• 54 Metascore
    • 63 Michael O'Sullivan
    The sense, in the first half of the film, that love and contentment are attainable dreams slowly gives way to the more existential notion that happiness is really just a fairy tale.
    • 51 Metascore
    • 63 Michael O'Sullivan
    The final destination of A Five Star Life is well worth the wait, but the service is so slow that some viewers may check out early.
    • tbd Metascore
    • 63 Michael O'Sullivan
    Pay 2 Play makes no new revelations... The difference with this movie is that it actually means to inspire hope.
    • 77 Metascore
    • 63 Michael O'Sullivan
    Wetlands has only a sketchy plot, based largely on Helen’s dreams, fantasies and childhood memories. It isn’t terribly clear where the movie — or its hedonistic heroine — is going, but getting there is one wild ride.
    • 56 Metascore
    • 63 Michael O'Sullivan
    Take Me to the River includes just enough history of the civil rights era to lend it gravitas. The color-blind recording practices of studios like Stax were an anomaly at the time and are well worth noting. But it’s the music people will want to hearken to.
    • 60 Metascore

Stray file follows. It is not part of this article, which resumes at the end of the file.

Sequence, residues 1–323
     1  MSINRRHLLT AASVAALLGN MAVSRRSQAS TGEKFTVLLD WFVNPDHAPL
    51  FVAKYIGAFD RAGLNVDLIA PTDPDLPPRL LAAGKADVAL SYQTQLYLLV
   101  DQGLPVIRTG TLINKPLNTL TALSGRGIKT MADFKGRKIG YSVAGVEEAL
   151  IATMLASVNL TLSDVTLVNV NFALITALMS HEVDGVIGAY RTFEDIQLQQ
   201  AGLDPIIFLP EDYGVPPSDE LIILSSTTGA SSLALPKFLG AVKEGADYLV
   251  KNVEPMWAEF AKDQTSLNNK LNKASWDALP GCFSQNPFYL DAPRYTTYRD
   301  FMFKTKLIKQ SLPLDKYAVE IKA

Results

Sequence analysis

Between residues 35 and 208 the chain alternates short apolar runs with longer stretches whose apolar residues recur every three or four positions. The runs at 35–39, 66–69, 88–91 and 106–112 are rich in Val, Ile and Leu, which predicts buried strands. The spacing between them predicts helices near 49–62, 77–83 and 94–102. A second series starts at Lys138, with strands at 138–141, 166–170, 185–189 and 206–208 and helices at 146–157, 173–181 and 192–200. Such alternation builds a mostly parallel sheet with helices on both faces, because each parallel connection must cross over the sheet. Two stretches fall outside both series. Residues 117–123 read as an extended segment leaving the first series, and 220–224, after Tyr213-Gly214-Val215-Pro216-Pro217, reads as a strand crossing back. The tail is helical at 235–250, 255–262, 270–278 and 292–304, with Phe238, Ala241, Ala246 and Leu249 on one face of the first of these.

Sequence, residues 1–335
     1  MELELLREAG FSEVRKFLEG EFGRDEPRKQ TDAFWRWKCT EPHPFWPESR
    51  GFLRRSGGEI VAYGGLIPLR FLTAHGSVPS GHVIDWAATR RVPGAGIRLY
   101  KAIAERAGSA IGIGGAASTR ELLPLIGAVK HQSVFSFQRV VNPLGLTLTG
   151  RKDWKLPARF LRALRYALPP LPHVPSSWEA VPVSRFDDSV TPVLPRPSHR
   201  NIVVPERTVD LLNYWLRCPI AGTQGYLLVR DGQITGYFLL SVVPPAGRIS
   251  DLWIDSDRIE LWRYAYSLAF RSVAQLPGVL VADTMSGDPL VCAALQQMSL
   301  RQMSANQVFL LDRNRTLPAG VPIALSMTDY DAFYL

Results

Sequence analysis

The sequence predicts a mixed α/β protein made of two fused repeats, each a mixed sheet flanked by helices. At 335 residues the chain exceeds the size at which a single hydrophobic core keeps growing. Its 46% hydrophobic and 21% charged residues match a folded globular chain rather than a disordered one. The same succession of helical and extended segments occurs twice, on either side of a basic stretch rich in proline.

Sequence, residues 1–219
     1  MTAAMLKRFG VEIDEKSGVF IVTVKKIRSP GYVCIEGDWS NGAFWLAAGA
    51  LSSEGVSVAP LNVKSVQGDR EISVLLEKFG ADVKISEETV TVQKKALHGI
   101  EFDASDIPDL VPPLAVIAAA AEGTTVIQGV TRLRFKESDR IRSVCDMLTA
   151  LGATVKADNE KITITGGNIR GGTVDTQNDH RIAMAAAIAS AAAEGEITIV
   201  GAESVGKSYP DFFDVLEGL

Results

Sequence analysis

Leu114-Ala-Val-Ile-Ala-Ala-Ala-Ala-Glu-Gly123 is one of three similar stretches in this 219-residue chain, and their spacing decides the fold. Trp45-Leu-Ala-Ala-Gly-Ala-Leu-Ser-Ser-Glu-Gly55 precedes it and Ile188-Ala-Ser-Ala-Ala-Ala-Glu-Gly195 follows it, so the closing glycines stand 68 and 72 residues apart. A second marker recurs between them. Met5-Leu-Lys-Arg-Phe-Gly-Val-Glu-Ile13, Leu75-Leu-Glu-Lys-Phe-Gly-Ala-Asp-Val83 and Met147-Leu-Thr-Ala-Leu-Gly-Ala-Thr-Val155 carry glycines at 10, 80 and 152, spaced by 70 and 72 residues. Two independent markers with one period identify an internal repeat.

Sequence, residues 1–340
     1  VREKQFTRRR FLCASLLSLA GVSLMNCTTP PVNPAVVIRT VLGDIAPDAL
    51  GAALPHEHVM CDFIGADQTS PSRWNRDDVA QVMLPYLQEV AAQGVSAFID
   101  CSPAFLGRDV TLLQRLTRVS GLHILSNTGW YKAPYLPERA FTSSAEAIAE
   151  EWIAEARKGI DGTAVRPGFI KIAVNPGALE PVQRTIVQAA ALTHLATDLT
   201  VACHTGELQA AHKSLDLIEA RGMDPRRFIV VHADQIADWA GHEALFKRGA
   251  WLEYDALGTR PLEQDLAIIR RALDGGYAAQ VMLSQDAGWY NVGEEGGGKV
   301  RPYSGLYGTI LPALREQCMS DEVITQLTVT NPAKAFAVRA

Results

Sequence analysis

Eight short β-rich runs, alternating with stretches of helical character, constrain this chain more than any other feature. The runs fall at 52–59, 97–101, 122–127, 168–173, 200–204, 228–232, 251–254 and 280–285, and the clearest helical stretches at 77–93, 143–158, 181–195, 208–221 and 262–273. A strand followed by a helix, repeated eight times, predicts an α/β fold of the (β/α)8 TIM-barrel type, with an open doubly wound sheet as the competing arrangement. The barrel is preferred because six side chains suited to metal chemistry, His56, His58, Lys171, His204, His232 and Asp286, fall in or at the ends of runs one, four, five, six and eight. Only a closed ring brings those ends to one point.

• 63 Michael O'Sullivan
    Despite the film’s heavy-handed effort at vindication, Renner manages to deliver a performance that is complex and satisfyingly contradictory.
    • 64 Metascore
    • 63 Michael O'Sullivan
    It’s engaging and watchable, even as it marches toward a seemingly suicidal climax. Yet the complex dynamic between Wardaddy and his men is far more fascinating.
    • tbd Metascore
    • 63 Michael O'Sullivan
    A lovingly laid-back documentary about the charms, liquid and otherwise, of the traditional Irish watering hole.
    • 72 Metascore
    • 63 Michael O'Sullivan
    The movie is an intellectual puzzle, the outcome of which is never in doubt. Its minor thrills come not from not knowing what will happen, but from watching the cagey choreography of two acrobatic minds.
    • 59 Metascore
    • 63 Michael O'Sullivan
    Jackson’s storytelling at this point is so driven by green-screen trickery and digital legerdemain that he seems to have forgotten about human emotion.

Top Trailers